Instruct players to each choose a song they like and note a specific portion to be played. The song should not have any derogatory lyrics or offensive language.
Download or upload the music to music editing software. Music can be added to the software by downloading it from a program such as iTunes, or uploading it from a previously purchased CD.
Select each song within the music editing software. The title will come up along with a track detailing the song's length. For instance, the left side of the track will read 0:00, while the right side of the track will be the total length of the song, such as 4:15.
Cut a snippet of the song. Using your editing software, select "Start" or "Cut" where you want the song to start playing and "End" or "Cut" where you want the song to stop playing. Sometimes the editing software uses an image of scissors to signify this function.
Create a file. After editing the first song, you will want to create a file as you save it. The file name can be name of the player who chose the song. That way, as a coach, you can change the batting order and substitute players without worrying that the wrong track will be played when someone steps to the plate. Save the first edited song to the new file under the first player's name.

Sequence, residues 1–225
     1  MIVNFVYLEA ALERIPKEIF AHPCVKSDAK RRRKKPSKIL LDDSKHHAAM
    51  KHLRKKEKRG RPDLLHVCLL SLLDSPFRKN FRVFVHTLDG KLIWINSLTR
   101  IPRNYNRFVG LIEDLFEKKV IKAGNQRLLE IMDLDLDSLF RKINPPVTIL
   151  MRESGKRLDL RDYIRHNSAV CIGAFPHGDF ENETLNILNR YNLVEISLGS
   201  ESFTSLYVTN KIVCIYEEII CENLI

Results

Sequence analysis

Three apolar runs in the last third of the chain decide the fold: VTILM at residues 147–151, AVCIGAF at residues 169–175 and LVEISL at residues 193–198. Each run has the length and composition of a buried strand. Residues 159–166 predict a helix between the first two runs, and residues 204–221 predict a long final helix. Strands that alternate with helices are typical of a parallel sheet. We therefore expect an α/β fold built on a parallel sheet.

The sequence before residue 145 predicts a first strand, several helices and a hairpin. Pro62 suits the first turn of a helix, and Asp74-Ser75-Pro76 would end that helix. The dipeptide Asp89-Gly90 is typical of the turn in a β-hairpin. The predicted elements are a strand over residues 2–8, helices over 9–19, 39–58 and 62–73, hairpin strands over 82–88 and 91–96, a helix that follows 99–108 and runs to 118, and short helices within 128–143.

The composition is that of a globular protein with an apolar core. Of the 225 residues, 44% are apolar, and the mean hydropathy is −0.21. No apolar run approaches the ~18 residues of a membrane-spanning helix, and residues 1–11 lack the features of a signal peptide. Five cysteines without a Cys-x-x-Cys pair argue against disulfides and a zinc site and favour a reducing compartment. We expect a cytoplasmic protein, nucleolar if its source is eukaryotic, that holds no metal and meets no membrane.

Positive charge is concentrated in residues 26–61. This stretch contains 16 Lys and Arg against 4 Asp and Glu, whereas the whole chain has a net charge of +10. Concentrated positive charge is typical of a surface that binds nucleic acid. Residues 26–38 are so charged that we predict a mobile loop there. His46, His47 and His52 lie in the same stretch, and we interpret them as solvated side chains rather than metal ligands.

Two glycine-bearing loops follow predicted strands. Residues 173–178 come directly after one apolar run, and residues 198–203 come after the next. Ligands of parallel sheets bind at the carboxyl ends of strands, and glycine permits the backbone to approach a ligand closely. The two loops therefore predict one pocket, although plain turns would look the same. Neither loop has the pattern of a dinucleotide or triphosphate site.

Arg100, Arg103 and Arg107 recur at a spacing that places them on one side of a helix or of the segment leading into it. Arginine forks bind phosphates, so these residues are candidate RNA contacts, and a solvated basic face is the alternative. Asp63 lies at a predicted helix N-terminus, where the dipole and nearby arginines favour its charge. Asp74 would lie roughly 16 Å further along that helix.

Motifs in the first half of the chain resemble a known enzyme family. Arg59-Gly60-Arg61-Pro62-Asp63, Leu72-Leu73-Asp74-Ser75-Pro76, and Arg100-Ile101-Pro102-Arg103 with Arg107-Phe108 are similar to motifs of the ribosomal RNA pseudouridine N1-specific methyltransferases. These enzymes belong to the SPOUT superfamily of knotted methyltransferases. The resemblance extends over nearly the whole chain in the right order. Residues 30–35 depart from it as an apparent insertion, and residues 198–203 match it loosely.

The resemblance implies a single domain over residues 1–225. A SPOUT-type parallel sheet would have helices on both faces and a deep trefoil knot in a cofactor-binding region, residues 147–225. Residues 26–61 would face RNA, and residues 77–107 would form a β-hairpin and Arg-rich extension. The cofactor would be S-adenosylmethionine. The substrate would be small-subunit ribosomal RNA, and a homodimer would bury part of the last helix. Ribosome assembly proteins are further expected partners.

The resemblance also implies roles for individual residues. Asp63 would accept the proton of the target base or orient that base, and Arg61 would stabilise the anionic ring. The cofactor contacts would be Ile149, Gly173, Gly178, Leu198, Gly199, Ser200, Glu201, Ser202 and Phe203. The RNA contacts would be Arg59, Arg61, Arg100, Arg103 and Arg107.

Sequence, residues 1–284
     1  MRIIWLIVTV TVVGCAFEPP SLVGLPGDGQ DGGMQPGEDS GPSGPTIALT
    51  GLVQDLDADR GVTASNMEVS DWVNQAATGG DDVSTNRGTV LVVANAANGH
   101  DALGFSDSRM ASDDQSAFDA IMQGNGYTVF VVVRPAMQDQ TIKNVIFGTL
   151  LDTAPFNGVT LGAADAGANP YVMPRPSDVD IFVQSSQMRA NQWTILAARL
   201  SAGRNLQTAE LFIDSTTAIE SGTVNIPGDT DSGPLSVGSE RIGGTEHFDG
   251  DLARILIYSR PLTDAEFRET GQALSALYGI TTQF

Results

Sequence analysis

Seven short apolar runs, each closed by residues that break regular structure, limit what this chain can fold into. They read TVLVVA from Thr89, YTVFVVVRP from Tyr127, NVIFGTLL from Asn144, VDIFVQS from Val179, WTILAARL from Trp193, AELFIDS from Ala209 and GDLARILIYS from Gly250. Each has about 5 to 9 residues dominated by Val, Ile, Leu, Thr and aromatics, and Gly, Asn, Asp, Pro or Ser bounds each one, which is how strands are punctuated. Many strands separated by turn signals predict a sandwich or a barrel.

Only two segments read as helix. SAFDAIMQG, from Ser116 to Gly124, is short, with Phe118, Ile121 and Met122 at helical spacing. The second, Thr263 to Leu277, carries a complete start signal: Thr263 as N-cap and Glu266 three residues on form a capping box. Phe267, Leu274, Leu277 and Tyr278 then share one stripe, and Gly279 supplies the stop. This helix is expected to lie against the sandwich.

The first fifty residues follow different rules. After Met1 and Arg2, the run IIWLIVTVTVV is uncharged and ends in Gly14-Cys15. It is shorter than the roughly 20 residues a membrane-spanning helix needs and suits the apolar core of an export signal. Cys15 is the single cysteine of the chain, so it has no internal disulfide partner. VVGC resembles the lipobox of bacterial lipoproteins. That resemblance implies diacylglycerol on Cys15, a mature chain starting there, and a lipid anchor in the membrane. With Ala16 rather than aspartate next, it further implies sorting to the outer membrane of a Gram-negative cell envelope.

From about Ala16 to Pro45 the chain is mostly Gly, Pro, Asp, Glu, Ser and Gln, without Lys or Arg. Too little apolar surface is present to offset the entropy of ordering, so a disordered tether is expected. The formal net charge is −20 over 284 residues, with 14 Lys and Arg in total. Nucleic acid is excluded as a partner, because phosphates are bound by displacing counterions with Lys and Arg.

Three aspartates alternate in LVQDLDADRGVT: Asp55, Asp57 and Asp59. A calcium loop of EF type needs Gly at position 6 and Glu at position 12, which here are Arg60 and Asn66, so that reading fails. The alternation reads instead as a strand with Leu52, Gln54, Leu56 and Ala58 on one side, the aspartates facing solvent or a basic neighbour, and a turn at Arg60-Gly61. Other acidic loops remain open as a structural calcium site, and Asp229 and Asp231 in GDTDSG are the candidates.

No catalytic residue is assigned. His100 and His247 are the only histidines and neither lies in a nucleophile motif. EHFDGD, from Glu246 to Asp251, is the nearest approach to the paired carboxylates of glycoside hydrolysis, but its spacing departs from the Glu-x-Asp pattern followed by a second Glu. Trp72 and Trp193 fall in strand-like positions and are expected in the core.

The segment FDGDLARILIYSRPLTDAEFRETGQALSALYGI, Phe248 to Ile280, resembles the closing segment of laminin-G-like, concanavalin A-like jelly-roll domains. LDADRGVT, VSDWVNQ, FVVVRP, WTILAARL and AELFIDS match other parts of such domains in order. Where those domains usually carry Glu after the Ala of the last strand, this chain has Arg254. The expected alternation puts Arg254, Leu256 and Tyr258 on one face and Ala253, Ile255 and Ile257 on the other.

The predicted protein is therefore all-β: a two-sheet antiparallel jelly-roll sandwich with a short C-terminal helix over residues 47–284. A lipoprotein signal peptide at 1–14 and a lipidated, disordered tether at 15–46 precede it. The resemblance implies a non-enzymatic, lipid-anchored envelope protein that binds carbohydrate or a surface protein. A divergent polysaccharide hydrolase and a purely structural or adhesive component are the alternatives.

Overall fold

Repeat the cutting of each song for all team members. Keep the song snippets a uniform length. Save them to the individual player file as you complete the editing of each song.
Burn or email the player files. Depending on the sound system in place, you might need to burn a copy of the team music for each player to "team disc," or simply email it to the announcer. To burn the file, simple select "Burn to Disk," which is usually found under the "File" tab within the music-editing program. To email select "Share" or "Send" under the same tab. Please note that the scorer or person in charge of audio for the games may prefer a certain type of audio file. Some of the most common include ".wav," a large file often used for professional audio recordings; "mpeg-1," which compresses a ".wav" to about one-twelfth of normal size; ".wma" files, which were created to compete with the mP3 format found in Windows media player (about one-third the size of those files); and finally the ".ogg" file, which is also similar to mP3 files but is also compressed to a great degree.